Incubator works Melbourne start-up scene

A new Melbourne incubator called AngelCube will dish out a total of $80,000 seed funding to four start-ups, which were selected from a field of over 130 applicants.
Written by Mahesh Sharma, Correspondent

A new Melbourne incubator called AngelCube will dish out a total of $80,000 seed funding to four start-ups, which were selected from a field of over 130 applicants.

The first class of start-ups will be based out of the co-working space Inspire9, and they will also have access to a network of 30 successful entrepreneurs — including Leni Mayo from 99 Designs, as well as Guy King and Bevan Clark from RetailMeNot.

The four businesses selected for the three-month incubation program are: RentWant.com (location based, peer-to-peer rental platform); Lexim.com.au (SaaS learning management system for higher education); TestPilot.me (automated, continuous integration for Ruby); and Goodfil.ms (leveraging the social graph for better film reviews).

AngelCube takes a 10 per cent stake in each company. Fund manager Andrew Birt said that 15 companies were shortlisted, and that there was an emphasis on having a clear business model.

"We were blown away by the talent, passion and commitment of some of the teams — it made selecting just four incredibly difficult," Birt said.

"In the end, we had to take a portfolio approach — selecting a combination of B2B and B2C companies — with a bias to companies that were closest to revenue generation or clear exit paths."

The other co-founders are: CEO Andrew Stone (serial entrepreneur who exited his US and Australian companies in 2006); CTO Nathan Sampimon (founder of web development business and co-working office Inspire9); and CTO Richie Khoo, web developer.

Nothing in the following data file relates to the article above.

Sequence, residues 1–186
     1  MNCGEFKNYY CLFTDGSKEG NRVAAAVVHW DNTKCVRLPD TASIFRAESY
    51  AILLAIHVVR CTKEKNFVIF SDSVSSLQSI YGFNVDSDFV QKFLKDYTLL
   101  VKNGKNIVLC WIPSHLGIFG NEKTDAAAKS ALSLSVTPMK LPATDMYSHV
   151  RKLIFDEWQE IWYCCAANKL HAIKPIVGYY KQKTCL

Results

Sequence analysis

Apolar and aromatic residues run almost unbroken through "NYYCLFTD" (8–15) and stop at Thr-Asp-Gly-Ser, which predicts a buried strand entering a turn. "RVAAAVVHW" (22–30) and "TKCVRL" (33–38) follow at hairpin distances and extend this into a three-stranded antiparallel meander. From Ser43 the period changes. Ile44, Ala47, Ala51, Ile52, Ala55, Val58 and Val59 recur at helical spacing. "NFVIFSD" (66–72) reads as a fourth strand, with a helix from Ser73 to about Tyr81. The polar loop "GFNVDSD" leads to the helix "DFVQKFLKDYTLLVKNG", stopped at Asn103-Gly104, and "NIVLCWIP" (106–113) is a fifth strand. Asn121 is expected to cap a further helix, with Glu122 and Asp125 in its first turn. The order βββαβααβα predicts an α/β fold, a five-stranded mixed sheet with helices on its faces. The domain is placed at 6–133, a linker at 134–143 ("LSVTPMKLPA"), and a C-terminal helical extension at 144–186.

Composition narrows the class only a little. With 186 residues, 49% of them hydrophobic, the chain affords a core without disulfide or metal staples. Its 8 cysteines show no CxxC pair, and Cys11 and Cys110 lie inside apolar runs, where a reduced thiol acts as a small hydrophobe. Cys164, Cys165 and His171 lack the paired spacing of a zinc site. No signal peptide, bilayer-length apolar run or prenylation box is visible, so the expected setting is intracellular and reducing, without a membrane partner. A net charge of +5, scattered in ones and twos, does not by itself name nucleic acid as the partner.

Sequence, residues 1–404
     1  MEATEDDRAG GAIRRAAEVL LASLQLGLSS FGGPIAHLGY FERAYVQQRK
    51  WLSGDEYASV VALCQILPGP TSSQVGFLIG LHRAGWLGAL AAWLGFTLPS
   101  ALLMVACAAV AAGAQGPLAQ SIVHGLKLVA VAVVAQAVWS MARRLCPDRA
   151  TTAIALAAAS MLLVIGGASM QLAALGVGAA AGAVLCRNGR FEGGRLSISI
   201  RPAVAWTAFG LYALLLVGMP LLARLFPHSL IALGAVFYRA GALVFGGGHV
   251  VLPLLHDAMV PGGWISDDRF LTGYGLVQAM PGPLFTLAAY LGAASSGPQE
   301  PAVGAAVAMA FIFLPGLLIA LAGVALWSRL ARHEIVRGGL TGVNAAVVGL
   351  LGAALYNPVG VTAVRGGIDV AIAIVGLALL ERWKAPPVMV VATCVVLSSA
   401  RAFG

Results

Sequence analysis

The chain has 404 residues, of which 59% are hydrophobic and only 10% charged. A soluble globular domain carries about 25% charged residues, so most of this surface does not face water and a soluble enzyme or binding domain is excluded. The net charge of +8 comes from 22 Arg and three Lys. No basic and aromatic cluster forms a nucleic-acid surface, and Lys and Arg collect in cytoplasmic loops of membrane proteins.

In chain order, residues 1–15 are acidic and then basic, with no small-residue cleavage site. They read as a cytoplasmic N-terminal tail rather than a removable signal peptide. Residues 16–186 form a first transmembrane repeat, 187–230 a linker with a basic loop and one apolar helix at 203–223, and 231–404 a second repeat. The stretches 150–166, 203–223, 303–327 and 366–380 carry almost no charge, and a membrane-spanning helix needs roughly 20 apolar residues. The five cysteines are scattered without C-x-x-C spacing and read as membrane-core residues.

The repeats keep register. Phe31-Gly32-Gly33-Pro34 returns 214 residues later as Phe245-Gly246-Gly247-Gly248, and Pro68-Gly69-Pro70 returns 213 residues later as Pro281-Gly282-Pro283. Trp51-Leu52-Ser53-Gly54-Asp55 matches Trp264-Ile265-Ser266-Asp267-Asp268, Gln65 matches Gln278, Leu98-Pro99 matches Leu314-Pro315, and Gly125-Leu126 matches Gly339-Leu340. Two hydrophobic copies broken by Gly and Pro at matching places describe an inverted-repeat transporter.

The incubator's initial seed capital was provided by its directors and external funding sources. Stone said that AngelCube is about to close its first fund-raising round of $1 million.

In November, the start-ups will also pitch to members of the angel investor network Aurelius Digital.

"Our aim is to get these start-ups to a level where they can improve many aspects of their business, and talk comfortably to next-round investors," Stone said. "They need to be able to show traction, a clear path to revenue, affordable customer acquisition and that there's a logical acquirer one day in the future."

The companies

  • RentWant.com — location-based, peer-to-peer rental platform

    RentWant.com takes the familiar idea of peer-to-peer rentals, but adds a new twist: location. Using RentWant.com's mobile application, you can find household items to rent from people who live within 350m, 600m, 2km or 25km radius of your location. With peer-to-peer platforms like AirBNB, TaskRabbit and GetAround.com growing rapidly, RentWant.com is aiming to be the global go-to marketplace for renting idle assets.

  • Lexim.com.au — SaaS learning management system for higher education

    Universities, colleges and TAFEs all use Learning Management Systems (LMS) to distribute course materials and communicate with students; however, the systems are often outdated, expensive and difficult to use. Lexim is an SaaS-based alternative designed to be fun and easy to use for both students and teachers. Whilst the site's currently in closed Beta, the start-up has received many testimonials from teachers around the world ready to make the switch.

  • TestPilot.me — automated, continuous integration for Ruby

    When building software, most developers now use continuous integration servers (CI) to prevent bugs appearing in their code via real-time warnings. This saves a lot of time and heartache for developers. TestPilot.me is a simpler, easier way to do CI for one of the world's most popular languages, Ruby.

  • Goodfil.ms — leveraging the social graph for better film reviews

    Goodfil.ms is a film rating and review site that believes that the best recommendations for movies come from your friends, not from film critics. Goodfil.ms is based on the successful GoodReads.com, which has grown to over 3,000,000 monthly visitors and has become a vital marketing tool for publishers looking to reach influential readers. With sites like Flixster.com being purchased by Warner Brothers for $84 million in 2010, social film reviews have become big business for studios, cinemas and rental sites such as Netflix.com.

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